Using the auction of the treasury bills in the analysis is relatively straightforward. The biggest draw of the treasury bills is because of the presumed zero risks of default since the government backs them. As we mentioned earlier, the primary determinant of the discount rate at the treasury bill auction is the demand. This demand is driven by factors such as macroeconomics, market risks, and monetary policies.
When other markets such as equity markets appear to be less risky or offer better returns, investors in the treasury bills will demand higher discounts. The higher discount translates to a higher interest rate attached to the treasury bills. Furthermore, when the rate of inflation is rising, investors will demand a higher discount rate for the treasury bills to offset the effects of inflation.
Source: St. Louis FRED
When there is rapid economic growth, investors have several options that could earn them higher returns. Therefore, they will demand a higher discount from the government, which results in a higher rate. Similarly, when the economy is heading towards a recession, investors deem treasury bills as safe-haven investments. The resulting excess demand for the treasury bills leads to lower discounts received by the investors.
Thus, the change in the yield attached to the treasury bills gives us significant insight into the state of the economy.
Impact on currency
We have seen that the rate of the treasury bills being auctioned is a reflection of the prevailing market conditions or anticipated economic performance.
When the rate received at auction is higher, it signals that the economy is performing well. Furthermore, higher rates for the treasury bills imply that there will be increased interest in investment opportunities in the country, which results in increased demand for the local currency. Higher rates could also translate to the increasing rate of inflation, which forestalls contractionary monetary and fiscal policies. For the forex market, this translates to a well-performing economy hence the appreciation of the currency relative to other currencies.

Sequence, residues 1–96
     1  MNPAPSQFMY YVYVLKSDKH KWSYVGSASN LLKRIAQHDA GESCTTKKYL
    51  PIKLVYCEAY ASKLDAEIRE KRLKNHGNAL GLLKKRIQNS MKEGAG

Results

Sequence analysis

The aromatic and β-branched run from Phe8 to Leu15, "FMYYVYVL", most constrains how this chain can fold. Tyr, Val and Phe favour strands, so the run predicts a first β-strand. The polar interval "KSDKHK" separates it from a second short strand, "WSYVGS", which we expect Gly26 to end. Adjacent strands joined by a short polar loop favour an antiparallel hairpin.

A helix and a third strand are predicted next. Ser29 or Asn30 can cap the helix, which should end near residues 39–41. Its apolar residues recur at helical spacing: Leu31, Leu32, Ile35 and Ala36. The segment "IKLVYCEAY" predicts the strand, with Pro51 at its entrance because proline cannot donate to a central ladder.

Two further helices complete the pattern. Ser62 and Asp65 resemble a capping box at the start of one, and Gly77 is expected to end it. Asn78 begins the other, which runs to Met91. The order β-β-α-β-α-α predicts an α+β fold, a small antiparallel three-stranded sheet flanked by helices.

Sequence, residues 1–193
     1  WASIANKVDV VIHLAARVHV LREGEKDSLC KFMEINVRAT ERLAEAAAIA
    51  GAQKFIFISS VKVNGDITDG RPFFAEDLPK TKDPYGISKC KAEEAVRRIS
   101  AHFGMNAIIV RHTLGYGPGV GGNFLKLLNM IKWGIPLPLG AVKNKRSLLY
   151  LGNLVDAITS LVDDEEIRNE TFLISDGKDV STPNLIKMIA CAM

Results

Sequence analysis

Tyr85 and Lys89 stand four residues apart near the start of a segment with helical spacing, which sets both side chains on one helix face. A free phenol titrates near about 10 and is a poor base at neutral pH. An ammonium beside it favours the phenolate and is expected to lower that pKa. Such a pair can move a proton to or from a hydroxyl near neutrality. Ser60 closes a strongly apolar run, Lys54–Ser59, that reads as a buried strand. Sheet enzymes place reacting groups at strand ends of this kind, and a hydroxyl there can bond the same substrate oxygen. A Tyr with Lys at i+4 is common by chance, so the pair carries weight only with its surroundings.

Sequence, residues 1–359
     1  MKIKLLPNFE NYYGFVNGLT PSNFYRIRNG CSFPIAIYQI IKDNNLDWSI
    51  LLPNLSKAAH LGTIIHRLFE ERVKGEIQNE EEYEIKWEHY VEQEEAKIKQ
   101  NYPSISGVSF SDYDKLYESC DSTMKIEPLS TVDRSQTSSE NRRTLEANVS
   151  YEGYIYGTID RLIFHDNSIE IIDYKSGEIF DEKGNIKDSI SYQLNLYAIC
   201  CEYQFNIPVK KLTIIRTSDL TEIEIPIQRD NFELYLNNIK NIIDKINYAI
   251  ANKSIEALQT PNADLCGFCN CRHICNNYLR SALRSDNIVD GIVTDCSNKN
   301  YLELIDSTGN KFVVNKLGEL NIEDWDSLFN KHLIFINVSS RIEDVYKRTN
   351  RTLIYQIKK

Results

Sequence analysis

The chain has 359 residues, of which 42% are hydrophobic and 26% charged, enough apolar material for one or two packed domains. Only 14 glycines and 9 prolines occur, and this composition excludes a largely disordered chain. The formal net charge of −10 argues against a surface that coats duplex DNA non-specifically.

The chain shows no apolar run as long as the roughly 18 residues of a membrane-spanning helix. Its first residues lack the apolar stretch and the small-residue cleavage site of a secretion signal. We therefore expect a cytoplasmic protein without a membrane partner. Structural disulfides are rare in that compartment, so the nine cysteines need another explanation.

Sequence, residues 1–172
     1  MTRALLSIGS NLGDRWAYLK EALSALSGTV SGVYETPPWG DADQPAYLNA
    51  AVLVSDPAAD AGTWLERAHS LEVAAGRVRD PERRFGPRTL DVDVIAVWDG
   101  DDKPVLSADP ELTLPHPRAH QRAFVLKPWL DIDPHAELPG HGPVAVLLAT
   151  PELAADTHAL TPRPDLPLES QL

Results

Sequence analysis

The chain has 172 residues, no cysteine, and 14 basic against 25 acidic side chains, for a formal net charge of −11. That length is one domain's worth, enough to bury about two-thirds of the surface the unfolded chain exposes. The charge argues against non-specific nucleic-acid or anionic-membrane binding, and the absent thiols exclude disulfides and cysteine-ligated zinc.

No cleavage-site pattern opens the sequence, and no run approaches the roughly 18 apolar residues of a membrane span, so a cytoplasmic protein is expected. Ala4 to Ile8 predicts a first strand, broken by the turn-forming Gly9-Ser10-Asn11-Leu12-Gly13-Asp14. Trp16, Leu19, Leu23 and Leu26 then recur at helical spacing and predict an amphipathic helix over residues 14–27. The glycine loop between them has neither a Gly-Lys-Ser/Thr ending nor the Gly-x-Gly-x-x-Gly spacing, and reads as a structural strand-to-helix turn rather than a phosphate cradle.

Conversely, when the rate of treasury bills at auction are falling, it implies that the economic fundamentals are performing poorly. There will be a net outflow of capital and investment. Furthermore, the forex market would anticipate expansionary monetary policies, which result in the depreciation of the currency relative to others.
Sources of Data
In the U.S., the treasury bills are auctioned by the U.S. Department of Treasury. You can access the latest data on the auction of treasury bills here. The data on the upcoming auction of the U.S. treasury bills can be accessed from TreasuryDirect, which allows you to buy and redeem securities directly from the U.S. Department of the Treasury in paperless electronic form. You can access the in-depth review of the current and historical data on the U.S. treasury bills from St. Louis FRED. You can access the global data on Treasury bills from Trading Economics.
That’s about Treasury Bill Auction and the respective details related to this fundamental indicator. We did not see any reaction at all on the Forex price charts related to this indicator, but as explained above, we know the relative impact. We hope you have found this article informative. Cheers!